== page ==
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Hazlehurst on business ethics

The interests of business clash with those of society. Many people think that its rapacious, short-termist pursuit of profit sets it against the values and needs of everybody else, which has created a poisonous opposition between those in business and everybody else. So says the business guru Michael Porter in a paper called Creating Shared Value, recently published in the Harvard Business Review.

“Companies are widely perceived to be prospering at the expense of the broader community,” he wrote. He went on to talk about “diminished trust in business”. So what is to be done? How can the gap be bridged? “The solution lies in the principle of shared value,” he writes, “which involves creating economic value in a way that also creates value for society by addressing its needs and challenges.”

The idea that business is an amoral pursuit motivated only by greed is a familiar one. Is it true? In some quarters, perhaps. The approach to business that Porter is characterising might be called “chump capitalism”. This is the worldview best exemplified by the attitude of Goldman Sachs when it was hauled before the Securities and Exchange Commission over its marketing of a structured investment vehicle. Goldman knew that one of the people who selected its contents was also betting that it would be a bad investment. Seemingly bemused at the criticism, Goldman’s bigwigs carefully explained that there are two sides to every deal, the buyer and the seller, and one will be a winner, one a loser.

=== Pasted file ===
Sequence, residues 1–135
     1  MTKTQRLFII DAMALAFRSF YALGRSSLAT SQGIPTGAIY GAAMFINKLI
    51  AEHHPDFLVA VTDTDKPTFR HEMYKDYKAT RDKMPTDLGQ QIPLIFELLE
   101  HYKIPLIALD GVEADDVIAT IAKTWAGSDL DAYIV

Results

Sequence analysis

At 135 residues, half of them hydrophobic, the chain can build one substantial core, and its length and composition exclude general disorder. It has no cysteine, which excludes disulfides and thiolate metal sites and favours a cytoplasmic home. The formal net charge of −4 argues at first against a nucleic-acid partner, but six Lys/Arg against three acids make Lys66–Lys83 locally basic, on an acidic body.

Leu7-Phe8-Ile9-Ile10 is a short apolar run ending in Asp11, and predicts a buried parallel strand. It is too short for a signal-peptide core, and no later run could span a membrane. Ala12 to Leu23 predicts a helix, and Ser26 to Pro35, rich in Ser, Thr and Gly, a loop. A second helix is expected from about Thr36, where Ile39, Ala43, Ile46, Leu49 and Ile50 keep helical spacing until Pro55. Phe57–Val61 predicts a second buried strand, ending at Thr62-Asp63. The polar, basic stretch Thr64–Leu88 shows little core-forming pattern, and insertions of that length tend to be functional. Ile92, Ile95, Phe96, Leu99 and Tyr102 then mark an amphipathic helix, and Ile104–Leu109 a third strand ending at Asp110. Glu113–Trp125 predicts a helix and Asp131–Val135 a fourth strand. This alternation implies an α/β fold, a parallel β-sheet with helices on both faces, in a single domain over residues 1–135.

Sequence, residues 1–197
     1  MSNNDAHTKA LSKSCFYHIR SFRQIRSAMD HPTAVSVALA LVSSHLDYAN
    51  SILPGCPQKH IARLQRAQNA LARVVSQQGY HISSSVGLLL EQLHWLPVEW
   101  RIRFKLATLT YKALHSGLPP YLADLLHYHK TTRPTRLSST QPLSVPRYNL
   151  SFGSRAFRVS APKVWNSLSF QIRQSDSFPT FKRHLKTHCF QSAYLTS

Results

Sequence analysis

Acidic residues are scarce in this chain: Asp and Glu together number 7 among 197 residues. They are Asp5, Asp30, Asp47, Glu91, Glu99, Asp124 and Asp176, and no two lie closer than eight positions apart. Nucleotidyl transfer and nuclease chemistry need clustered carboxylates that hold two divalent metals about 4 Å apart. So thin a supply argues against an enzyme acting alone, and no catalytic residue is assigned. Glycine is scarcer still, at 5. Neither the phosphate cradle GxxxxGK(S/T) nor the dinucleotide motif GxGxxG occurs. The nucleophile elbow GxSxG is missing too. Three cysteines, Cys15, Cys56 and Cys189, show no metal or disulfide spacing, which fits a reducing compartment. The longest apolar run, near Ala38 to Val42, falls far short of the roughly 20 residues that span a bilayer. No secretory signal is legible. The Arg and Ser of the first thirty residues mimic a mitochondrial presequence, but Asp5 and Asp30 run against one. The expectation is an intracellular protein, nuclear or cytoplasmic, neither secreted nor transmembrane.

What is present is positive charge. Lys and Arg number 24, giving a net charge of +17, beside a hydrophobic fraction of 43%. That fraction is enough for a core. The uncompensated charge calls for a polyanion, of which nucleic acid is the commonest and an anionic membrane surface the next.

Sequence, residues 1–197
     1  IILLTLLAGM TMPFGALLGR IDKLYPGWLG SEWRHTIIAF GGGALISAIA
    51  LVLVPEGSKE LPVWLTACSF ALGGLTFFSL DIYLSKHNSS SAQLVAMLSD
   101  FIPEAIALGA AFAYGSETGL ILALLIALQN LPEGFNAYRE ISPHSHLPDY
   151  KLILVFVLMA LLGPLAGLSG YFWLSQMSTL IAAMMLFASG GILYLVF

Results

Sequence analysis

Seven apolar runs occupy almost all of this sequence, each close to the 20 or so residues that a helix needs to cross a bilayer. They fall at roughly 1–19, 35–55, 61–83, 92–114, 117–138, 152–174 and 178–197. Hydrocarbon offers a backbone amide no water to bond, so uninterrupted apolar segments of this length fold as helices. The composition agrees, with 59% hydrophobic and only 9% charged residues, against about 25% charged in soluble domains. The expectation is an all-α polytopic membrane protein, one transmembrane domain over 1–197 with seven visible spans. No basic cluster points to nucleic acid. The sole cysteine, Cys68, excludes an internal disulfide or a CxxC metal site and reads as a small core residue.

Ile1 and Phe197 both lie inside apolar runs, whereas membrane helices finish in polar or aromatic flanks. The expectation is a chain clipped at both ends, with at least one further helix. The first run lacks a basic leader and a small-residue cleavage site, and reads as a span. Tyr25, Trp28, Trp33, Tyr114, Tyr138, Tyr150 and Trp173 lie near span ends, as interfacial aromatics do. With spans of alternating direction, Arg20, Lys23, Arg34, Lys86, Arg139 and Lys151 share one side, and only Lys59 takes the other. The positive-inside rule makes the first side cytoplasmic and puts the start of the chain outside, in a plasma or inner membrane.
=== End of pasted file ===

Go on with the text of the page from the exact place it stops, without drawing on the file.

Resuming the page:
This is an astonishingly nihilistic view, which amounts to saying that chumps deserve to be exploited and that if you enter into a bad deal, that’s your problem. One Goldman employee boasted about selling bad deals to “widows and orphans”. In the old days in the City of London’s motto was my word is my bond, but this seems to have been replaced with a growl of caveat emptor, mate. Not much shared value there, and not must prospect of trust.

But there is another attitude to business that might be called “collaborative capitalism”, which is much more familiar to those in family businesses. A few years ago I remember talking to Simon Berry of Berry Brothers, the wine merchant, and he told me that his family had been working with some wine-producing families for almost 200 years.

Now, wine is a special case and Berry’s might be at the extreme end of the scale, but the picture is familiar to many family businesses: they build stable, long-term, mutually beneficial relationships. Producers need merchants, and merchants need producers. They are on the same side. They don’t look to scam a few extra pennies, they don’t niggle and see what they can get away with, and they don’t worry that the people they work with are trying to do the same. They see customers the same way – as long-term partners, who will use them for their whole lives. Everybody trusts each other and they look to create – well, shared value. People could learn from that.

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